While in jail after arrest, Lyons attempted to electrocute himself. Lyons was then placed on suicide watch and committed to the Missouri Department of Mental Health (DMH). After Lyons was indicted, the State of Missouri (State) moved for a psychiatric examination, which the trial court granted over the objections of Lyons's counsel.3 Two state forensic examiners, Dr. Bruce Harry (Dr. Harry) and Dr. Michael Stacy (Dr. Stacy), examined Lyons from November 2 to 19, 1992. In a report dated November 23, Drs. Harry and Stacy concluded "Lyons [did] not have the mental capacity to understand the proceedings against him [and was un]able to assist his attorney in his own defense because of his severe depression." The trial court suspended criminal proceedings and committed Lyons to the DMH's custody and care.

In November 1993, Dr. William...

To continue reading

Request your trial
76 cases
  • Young v. United States
    • United States
    • U.S. District Court — District of South Dakota
    • July 10, 2013 adequate investigation of the facts, considered viable theories, and developed evidence to support those theories. Lyons v. Luebbers, 403 F.3d 585, 594 (8th Cir.2005). The record established that Langley did so, and the separate conviction of Young for the Minnesota bank robberies apart ......
  • U.S. v. Hernandez
    • United States
    • U.S. District Court — Northern District of Iowa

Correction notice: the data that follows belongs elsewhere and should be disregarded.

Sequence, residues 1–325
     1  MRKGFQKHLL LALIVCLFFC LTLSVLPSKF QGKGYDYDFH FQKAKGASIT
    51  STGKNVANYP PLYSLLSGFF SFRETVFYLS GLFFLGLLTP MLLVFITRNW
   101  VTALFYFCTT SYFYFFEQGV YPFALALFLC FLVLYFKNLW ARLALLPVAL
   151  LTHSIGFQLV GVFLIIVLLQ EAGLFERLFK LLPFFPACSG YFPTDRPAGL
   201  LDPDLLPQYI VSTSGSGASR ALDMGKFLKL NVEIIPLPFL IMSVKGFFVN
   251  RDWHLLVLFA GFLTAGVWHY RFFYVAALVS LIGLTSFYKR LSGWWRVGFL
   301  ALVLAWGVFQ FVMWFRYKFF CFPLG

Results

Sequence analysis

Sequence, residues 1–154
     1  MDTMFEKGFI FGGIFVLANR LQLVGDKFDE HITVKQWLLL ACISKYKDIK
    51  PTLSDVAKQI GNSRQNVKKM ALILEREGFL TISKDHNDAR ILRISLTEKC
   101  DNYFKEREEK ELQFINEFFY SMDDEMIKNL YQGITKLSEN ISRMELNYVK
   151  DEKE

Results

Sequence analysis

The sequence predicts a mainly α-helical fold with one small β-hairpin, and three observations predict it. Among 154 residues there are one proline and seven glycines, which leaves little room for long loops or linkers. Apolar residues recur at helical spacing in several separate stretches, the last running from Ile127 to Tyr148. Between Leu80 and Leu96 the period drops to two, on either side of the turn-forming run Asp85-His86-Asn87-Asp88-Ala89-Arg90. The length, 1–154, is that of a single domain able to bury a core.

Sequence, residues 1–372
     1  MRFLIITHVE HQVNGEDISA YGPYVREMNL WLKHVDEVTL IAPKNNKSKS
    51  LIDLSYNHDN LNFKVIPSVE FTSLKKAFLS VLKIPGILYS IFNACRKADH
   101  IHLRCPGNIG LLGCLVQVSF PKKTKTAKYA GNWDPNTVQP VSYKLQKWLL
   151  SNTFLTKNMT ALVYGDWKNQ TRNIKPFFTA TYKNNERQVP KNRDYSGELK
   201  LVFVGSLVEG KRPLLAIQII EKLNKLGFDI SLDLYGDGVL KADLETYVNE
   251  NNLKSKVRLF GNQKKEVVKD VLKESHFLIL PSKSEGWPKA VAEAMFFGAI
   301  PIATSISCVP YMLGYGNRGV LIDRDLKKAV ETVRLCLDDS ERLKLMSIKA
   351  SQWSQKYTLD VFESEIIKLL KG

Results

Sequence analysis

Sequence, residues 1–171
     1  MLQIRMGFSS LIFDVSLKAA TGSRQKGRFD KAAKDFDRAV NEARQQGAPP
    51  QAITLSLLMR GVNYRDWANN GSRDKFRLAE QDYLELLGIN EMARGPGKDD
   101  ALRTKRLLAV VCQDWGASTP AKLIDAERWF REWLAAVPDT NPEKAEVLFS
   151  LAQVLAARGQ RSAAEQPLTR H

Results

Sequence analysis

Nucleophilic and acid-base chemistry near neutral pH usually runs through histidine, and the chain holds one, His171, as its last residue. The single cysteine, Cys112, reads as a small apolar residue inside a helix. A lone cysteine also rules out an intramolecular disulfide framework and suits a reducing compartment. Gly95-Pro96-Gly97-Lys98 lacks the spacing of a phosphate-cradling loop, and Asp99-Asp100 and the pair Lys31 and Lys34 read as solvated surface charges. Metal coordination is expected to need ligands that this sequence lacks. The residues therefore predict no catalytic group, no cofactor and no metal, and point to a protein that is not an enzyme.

• August 31, 2006
    ...investigation of facts, consideration of viable theories, and development of evidence to support those theories.'" Lyons v. Luebbers, 403 F.3d 585, 594 (8th Cir.2005) (quoting Foster v. Lockhart, 9 F.3d 722, 726 (8th Cir.1993)). As a corollary of that principle, courts have also recognized ......
  • Middleton v. Roper
    • United States
    • U.S. Court of Appeals — Eighth Circuit
    • July 6, 2006
    ...habeas petition, "we review the district court's findings of fact for clear error and its conclusions of law de novo." Lyons v. Luebbers, 403 F.3d 585, 592 (8th Cir.2005) (internal quotation omitted). Under 28 U.S.C. § 2254(d), "[w]hen a claim has been adjudicated on the merits in state cou......
  • Johnson v. United States
    • United States
    • U.S. District Court — Northern District of Iowa
    • March 22, 2012
    ...and development of evidence to support those theories.’ ” Cagle v. Norris, 474 F.3d 1090, 1097 (8th Cir.2007) (quoting Lyons v. Luebbers, 403 F.3d 585, 594 (8th Cir.2005)). I find that the performance of trial counsel did not meet all of these requirements as to Dr. Evans's testimony. Assum......
  • Request a trial to view additional results
2 books & journal articles
  • From a Dream to Reality Check: Protecting the Rights of Tomorrow's Conditional Legal Resident Enlistees
    • United States
    • Military Law Review No. 216, July 2013
    • July 1, 2013
    ...EtchuNjang v. Gonzales, 403 F.3d 577, 585 (8th Cir. 2005). 197 See Garcia-Mateo , 503 F.3d at 700 (voluntary departure); Etchu-Njang , 403 F.3d at 585 (cancellation of removal); Jamieson v. Gonzales, 424 F.3d 765, 768 (8th Cir. 2005) (adjustment of status); NativiGomez v. Ashcroft, 344 F.3d......
  • Valuing the Vulnerable: A Proposed Approach to Cyclical Competency.
    • United States
    • Missouri Law Review Vol. 87 No. 2, March 2022
    • March 22, 2022
    ...(2009); with Wall & Lee, supra note 1, at 14. (6) United States v. Ghane, 593 F.3d 775, 779 (8th Cir. 2010) (citing Lyons v. Luebbers, 403 F.3d 585, 593 (8th Cir. (7) M.W. Smith, Restore, Revert, Repeat: Examining the Decompensation Cycle and the Due Process Limitations on the Treatment......

VLEX uses login cookies to provide you with a better browsing experience. If you click on 'Accept' or continue browsing this site we consider that you accept our cookie policy. ACCEPT